Brian Frank, the town’s chief environmentalist, called the property as it is an “environmental disaster.” It has two paved driveways, one to the house, the other running all the way down to Lake Montauk. Mr. Frank pointed out on Jan. 8 that runoff water from storms accumulates on the driveways and runs right into the wetlands.
    The proposed new house would be much smaller, with the paved driveway o the house replaced by a permeable one made with stones, and the second paved drive removed altogether. Also included is a major revegetation plan, bringing in native species where non-native invasives now grow.
    The board heartily embraced these proposals during Tuesday’s deliberations.
    But when it got to the proposed expanded dock, the application hit choppy waters.
    According to Mr. Halsey’s assessment, which was confirmed by Mr. Frank, the original certificate of occupancy was for a 38-foot dock. A dock that size would be allowed to remain on the site, despite the fact that it normally would not be permitted in Lake Montauk, because its existence predates town regulations prohibiting it. However, nothing larger would be permitted, unless the board grants a variance.
    Mr. Hammer argued that the exact size of the pre-existing dock was uncertain, a point the board seemed dubious about.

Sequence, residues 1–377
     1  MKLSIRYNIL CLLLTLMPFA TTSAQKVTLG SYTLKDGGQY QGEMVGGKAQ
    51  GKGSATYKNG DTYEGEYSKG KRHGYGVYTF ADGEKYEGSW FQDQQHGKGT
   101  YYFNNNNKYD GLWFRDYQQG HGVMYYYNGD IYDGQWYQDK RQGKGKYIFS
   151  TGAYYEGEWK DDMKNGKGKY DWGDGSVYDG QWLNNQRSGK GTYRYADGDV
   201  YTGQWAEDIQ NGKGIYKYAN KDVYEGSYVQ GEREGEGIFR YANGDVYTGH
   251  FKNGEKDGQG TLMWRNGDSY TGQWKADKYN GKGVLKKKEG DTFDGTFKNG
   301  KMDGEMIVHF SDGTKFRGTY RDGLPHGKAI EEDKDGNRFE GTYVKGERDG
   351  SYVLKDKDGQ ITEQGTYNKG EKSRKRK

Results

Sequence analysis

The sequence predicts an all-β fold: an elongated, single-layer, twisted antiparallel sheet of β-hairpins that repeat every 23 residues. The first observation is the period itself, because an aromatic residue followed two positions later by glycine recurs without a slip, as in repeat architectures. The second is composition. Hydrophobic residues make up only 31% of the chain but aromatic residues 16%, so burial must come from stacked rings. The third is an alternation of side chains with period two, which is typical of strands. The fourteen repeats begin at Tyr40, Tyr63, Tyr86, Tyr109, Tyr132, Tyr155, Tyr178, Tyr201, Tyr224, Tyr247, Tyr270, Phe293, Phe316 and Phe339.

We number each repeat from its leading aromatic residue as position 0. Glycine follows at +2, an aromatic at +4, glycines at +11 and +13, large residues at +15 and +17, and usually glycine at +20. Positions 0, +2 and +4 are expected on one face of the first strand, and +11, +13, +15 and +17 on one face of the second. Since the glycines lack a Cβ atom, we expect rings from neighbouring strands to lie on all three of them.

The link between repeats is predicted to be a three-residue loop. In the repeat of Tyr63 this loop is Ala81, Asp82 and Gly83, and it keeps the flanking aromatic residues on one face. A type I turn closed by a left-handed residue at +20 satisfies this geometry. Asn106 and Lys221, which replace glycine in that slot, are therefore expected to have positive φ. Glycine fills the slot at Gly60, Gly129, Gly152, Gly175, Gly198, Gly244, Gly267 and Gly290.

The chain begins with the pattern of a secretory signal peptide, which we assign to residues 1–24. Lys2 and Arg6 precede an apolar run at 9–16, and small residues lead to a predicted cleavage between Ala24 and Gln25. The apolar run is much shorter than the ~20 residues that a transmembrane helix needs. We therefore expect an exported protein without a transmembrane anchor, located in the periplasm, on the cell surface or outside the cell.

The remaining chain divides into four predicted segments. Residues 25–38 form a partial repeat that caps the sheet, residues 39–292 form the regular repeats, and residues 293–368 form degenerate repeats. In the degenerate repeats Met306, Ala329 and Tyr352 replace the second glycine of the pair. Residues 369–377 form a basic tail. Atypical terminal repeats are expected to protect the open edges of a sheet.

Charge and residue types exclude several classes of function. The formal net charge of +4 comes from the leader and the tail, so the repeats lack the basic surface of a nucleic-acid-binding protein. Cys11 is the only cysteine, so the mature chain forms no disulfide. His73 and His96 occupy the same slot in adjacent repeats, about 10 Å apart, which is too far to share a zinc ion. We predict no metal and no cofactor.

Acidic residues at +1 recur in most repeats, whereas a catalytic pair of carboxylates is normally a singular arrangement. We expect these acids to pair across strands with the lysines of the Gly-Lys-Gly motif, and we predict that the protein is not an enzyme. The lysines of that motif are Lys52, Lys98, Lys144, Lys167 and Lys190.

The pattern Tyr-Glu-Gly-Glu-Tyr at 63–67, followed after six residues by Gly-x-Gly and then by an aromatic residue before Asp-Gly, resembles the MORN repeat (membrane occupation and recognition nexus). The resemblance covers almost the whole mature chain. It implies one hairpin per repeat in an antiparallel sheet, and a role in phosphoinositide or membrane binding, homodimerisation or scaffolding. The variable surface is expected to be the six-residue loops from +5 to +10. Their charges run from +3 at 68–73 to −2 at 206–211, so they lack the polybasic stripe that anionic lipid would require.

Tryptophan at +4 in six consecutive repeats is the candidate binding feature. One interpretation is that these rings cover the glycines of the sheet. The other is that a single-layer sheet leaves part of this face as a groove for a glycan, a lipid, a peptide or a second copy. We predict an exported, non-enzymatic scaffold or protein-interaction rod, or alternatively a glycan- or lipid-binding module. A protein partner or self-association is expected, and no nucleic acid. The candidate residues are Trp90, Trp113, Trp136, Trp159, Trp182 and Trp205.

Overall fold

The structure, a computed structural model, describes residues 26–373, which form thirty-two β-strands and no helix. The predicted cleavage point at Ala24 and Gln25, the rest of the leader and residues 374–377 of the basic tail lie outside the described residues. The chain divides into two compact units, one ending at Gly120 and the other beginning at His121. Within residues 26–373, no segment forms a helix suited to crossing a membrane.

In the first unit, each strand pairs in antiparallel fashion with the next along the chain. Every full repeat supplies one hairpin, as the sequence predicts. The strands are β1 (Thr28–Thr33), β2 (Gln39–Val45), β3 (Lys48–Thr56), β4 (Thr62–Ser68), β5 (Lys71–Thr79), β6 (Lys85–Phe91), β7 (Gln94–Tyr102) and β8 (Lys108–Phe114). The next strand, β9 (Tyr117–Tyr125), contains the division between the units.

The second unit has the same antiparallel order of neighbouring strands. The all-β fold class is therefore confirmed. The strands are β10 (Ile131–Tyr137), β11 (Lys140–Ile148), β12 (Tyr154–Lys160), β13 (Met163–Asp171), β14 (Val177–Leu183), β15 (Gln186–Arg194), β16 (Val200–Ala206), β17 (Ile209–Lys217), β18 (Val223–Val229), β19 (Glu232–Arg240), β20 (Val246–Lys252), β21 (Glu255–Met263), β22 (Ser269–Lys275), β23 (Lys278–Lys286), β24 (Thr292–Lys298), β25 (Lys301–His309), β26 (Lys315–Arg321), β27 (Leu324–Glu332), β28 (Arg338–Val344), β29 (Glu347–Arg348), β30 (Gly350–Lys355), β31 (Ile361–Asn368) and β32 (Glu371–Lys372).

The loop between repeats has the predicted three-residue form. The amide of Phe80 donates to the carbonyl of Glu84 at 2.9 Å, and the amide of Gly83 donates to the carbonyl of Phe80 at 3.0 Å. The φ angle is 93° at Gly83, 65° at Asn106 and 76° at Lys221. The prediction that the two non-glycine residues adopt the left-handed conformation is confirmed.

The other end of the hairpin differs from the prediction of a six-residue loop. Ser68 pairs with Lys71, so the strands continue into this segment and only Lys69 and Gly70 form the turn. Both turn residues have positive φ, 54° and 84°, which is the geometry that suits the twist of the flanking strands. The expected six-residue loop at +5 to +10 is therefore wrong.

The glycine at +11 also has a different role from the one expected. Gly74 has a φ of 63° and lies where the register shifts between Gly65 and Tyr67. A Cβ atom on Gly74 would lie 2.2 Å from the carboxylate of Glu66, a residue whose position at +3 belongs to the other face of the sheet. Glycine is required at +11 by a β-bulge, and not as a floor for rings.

Mr. Frank explained that Lake Montauk was not originally open to tidal flow. It was, in fact, the largest freshwater lake on Long Island, before Carl Fisher blasted an opening on its north side to the Long Island Sound in 1927, as part of his ill-fated “Miami North” development plan for Montauk.
    Mr. Frank told the board that the lake is very shallow, and that extending a dock into the lake would not get it into navigable waters.
    Don Cirillo, who is a strong proponent on the board of landowners’ rights, pointed out that the dock, with its planned extension, would still be on private land.
    “Is this a boat dock or a swim dock?” Mr. Walter had asked the applicants on Jan. 8.
    “It is a boat dock,” Mr. Hammer responded.
    However, later that night, Ms. Nevin told the board that the couple are kayakers, and that Mr. Bennett liked to walk out onto the end of the dock when the house was filled with summer guests. “Peter takes a chair, the crossword puzzle, and gets away from the crowd,” she said.